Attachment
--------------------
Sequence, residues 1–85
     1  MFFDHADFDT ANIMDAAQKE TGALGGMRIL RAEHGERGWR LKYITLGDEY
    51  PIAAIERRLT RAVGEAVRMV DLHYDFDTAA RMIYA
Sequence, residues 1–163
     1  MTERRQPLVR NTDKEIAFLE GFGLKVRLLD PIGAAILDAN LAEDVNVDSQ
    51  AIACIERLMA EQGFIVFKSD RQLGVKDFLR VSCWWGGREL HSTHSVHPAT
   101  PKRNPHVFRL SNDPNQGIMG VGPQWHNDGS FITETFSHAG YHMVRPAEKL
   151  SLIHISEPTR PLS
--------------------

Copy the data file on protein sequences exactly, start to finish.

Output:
Sequence, residues 1–85
     1  MFFDHADFDT ANIMDAAQKE TGALGGMRIL RAEHGERGWR LKYITLGDEY
    51  PIAAIERRLT RAVGEAVRMV DLHYDFDTAA RMIYA
Sequence, residues 1–163
     1  MTERRQPLVR NTDKEIAFLE GFGLKVRLLD PIGAAILDAN LAEDVNVDSQ
    51  AIACIERLMA EQGFIVFKSD RQLGVKDFLR VSCWWGGREL HSTHSVHPAT
   101  PKRNPHVFRL SNDPNQGIMG VGPQWHNDGS FITETFSHAG YHMVRPAEKL
   151  SLIHISEPTR PLS